Labour warns of ‘looming crisis’ as Scottish evictions increase

Scottish Labour has warned of the “first signs of a looming crisis” after figures revealed that the number of people evicted has risen six-fold after a ban ended.

As part of coronavirus restrictions, the Scottish Government enacted a ban on actioning eviction notices in areas in Levels 3 and 4 of the lockdown.

But on June 5, Glasgow became the last part of Scotland to move to Level 2, effectively ending the ban in every part of the country.

According to figures released this week by the Scottish Housing Regulator, the number of people evicted from their homes rose from six in the final quarter of 2020-21 to 38 in the first quarter of 2021-22.

Scottish Labour housing spokesman, Mark Griffin, said: “These are the first signs of the looming crisis we all feared would follow the end of the evictions ban.

“The total lack of long-term planning from the Government has created a ticking time-bomb of evictions, which saw rates spiral instantly in the weeks after the ban was lifted.

“The SNP’s decision to abandon the evictions ban with minimal preparation, making tenants waiting months for the grant fund to open, is unimaginably reckless – and it is those who are already struggling that will pay the price.

“A spike in homelessness as a result of the pandemic would be a national scandal. We urgently need to support tenants in rent arrears now in order to avoid a tidal wave of evictions.”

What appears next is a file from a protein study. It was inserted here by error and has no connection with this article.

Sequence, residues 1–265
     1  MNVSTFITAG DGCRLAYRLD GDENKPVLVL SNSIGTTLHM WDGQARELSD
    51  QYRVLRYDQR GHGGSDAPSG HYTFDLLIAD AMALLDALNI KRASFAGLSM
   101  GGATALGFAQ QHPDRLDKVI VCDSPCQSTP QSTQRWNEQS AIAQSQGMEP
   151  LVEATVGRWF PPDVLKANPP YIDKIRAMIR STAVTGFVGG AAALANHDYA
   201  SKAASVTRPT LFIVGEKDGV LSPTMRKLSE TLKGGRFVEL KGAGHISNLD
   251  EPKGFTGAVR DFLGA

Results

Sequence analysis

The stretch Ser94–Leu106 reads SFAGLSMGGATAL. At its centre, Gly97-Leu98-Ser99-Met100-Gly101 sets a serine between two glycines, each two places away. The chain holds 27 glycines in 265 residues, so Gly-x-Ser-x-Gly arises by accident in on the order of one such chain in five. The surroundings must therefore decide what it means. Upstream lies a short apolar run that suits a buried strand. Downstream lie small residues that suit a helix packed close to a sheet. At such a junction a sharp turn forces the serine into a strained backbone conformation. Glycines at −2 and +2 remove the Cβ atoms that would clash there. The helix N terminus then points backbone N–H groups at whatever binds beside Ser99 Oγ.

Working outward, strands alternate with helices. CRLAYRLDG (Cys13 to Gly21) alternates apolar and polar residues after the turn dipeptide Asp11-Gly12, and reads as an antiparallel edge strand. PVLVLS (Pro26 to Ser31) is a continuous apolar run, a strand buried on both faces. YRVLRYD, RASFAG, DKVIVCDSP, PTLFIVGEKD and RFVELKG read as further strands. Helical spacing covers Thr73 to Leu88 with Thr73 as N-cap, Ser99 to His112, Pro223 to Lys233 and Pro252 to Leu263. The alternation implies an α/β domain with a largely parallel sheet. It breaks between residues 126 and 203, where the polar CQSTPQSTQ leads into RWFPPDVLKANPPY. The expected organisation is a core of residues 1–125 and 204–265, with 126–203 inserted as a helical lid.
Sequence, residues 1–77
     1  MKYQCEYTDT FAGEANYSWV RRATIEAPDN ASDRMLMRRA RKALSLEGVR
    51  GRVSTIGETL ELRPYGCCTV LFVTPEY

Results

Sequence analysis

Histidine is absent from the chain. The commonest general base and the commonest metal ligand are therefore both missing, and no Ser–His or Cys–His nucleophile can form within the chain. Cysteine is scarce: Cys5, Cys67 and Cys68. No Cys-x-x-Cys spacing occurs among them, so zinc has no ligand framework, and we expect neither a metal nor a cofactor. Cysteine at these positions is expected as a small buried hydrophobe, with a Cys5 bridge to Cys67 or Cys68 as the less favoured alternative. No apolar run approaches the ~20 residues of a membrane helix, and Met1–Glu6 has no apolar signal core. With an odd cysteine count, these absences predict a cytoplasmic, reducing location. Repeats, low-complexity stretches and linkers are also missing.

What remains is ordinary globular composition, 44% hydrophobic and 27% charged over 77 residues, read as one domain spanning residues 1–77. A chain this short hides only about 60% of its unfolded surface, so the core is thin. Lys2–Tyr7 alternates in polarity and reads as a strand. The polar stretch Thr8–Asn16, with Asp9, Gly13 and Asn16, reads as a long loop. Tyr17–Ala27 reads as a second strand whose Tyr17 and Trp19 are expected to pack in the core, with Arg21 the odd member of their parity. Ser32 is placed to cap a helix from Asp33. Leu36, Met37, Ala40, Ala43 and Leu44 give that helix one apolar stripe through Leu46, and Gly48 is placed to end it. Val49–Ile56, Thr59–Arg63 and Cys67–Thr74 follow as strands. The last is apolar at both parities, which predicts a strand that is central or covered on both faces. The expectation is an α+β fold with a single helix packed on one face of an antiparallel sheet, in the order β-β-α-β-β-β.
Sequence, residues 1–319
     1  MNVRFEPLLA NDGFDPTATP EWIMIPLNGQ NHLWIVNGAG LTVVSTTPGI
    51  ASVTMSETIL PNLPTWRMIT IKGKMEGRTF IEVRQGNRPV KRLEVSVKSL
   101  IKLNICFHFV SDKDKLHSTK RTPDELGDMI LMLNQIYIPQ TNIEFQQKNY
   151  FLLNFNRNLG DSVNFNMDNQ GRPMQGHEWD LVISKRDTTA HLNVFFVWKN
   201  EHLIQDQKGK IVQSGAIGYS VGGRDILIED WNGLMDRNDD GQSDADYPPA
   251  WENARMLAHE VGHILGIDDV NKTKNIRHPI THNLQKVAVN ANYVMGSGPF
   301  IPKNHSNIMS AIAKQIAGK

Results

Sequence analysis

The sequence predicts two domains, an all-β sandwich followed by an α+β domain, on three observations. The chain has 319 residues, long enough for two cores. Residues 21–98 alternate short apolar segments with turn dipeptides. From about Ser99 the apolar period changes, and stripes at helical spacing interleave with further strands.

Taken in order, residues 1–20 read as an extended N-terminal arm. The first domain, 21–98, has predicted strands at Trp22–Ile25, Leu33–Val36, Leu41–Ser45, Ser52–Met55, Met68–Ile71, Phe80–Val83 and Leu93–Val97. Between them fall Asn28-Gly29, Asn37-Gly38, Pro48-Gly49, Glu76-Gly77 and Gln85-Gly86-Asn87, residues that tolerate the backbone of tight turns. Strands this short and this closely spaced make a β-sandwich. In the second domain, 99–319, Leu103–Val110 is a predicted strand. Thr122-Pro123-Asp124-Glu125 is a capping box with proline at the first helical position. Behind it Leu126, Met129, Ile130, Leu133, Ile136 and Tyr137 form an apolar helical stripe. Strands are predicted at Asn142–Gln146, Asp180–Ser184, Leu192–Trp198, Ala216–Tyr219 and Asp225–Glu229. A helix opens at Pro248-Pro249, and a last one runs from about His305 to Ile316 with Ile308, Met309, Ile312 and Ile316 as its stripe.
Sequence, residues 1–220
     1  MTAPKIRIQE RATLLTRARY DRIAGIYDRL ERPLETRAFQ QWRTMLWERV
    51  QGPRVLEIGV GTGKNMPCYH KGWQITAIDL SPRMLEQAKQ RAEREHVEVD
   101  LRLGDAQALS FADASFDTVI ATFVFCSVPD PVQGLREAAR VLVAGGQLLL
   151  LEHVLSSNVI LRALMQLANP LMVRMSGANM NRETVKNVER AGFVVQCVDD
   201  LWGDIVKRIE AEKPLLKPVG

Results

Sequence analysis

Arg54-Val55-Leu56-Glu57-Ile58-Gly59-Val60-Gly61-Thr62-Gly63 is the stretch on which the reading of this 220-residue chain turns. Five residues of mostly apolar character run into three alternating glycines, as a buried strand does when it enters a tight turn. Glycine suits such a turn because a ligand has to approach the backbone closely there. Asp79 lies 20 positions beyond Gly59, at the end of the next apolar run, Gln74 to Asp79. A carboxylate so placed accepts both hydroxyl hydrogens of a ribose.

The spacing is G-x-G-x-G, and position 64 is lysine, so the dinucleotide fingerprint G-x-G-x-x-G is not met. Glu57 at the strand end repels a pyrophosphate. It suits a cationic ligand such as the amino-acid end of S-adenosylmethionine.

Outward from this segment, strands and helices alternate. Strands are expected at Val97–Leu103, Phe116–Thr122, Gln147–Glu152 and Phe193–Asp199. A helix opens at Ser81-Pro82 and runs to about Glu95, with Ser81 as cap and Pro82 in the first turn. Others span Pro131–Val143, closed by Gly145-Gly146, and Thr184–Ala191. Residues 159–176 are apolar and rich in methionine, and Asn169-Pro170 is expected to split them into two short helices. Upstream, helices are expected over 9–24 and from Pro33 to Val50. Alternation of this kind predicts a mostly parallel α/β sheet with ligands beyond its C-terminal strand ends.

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A Scottish Government spokeswoman said: “We are doing all we can to support tenants who are struggling as a result of the pandemic, with total support for tenants during the pandemic at almost £39 million, including a £10 million grant fund to help tenants who have fallen into arrears.

“Only a very small proportion of notices of proceedings result in evictions, and a social landlord will make every effort to engage with a tenant on arrears and offer practical support.

“Private landlords can only seek eviction on specific grounds, which would include arrears or where the landlord wishes to move back into or sell the let property.”

She continued: “We have been clear from the outset of the pandemic that eviction action must be an absolute last step which is why we welcomed the recent statement from local authorities, housing associations and private landlords which underlined the sector’s commitment to only taking eviction action as a last resort.

“We would encourage all tenants who are financially struggling to seek advice on their individual circumstances.” 

The Herald Scotland

The Herald Scotland

The Herald is a Scottish broadsheet newspaper founded in 1783. The Herald is the longest running national newspaper in the world and is the eighth oldest daily paper in the world. The title was simplified from The Glasgow Herald in 1992